Firing lineDec 12 2022

'We are only focused on the top 10-15% of advice firms'

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'We are only focused on the top 10-15% of advice firms'
Ed Dymott, managing director – wealth at Benchmark Capital
ByDavid Thorpe

At a time when many consolidators and outsourcers are becoming an increasingly large part of the advice landscape, Benchmark Capital remains something of an enigma.

As a subsidiary of the FTSE 100 giant Schroders, and with a wealth division run by Ed Dymott, a veteran of Aegon, Fidelity and a host of industry committees, Benchmark can hardly be said to be an insurgent. 

The firm has assets under administration of £17bn on the platform and “roughly the same again” via the other channels. 

Dymott presides over an operation that employs some advisers and acquires advice businesses, provides investment management to other advisers, and has a platform and regulatory permissions offering to others.

We don’t really care about the business model as long as they are a quality firm.

Advisers are free to choose from any combination of the above. 

In all, 1,700 or so advisers have a relationship with Benchmark, with 70 of those employed by the company. The business that employs advisers directly was called Aspect8, before rebranding to Benchmark Financial Planning earlier this year.

But such a menu of options may cause advisers considering working with the firm to ponder: is there a grand plan behind it all?

What's the big idea? 

Dymott says: “Our aim is to be a turnkey solution for financial planners. It doesn’t matter to us if it is an exit, or a start-up or a firm looking to grow, we want to work with them all. Whether they want tech, or regulation, or investment management, that’s all fine. And we don’t really care about the business model as long as they are a quality firm.”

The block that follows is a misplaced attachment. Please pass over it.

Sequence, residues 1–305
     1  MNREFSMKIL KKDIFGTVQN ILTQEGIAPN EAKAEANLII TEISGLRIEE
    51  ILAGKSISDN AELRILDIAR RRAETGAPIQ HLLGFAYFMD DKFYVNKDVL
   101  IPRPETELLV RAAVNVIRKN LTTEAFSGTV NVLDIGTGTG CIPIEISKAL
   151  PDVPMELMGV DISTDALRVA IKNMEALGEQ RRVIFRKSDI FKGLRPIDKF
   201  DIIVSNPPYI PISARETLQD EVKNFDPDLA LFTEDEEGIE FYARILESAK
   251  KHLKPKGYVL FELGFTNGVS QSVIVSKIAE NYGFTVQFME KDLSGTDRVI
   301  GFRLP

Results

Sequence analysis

Benchmark acquired one advice firm and took a stake in another in November, and Dymott says both of those deals followed the pattern he deploys when investing in advice firms, as both firms have owners looking to retire. 

We think we can increase productivity for advisers.

He says the firms they acquire are typically part of a pipeline of firms “where the owner doesn’t want to retire now, but maybe wants to have a plan for when they retire in three to five years, and a plan where they know the staff and the clients are looked after.

"That’s probably our USP, and differs from maybe the more typical consolidator model. Consolidators are probably more short term in their thinking, their aim is to sell it on in a few years. ” 

Dymott joined the firm in February 2021, and says the other focus of his acquisition strategy has been to “broaden our geographical reach – we weren’t well enough represented in the Midlands, and have tried to address that with some of the deals we have done this year.”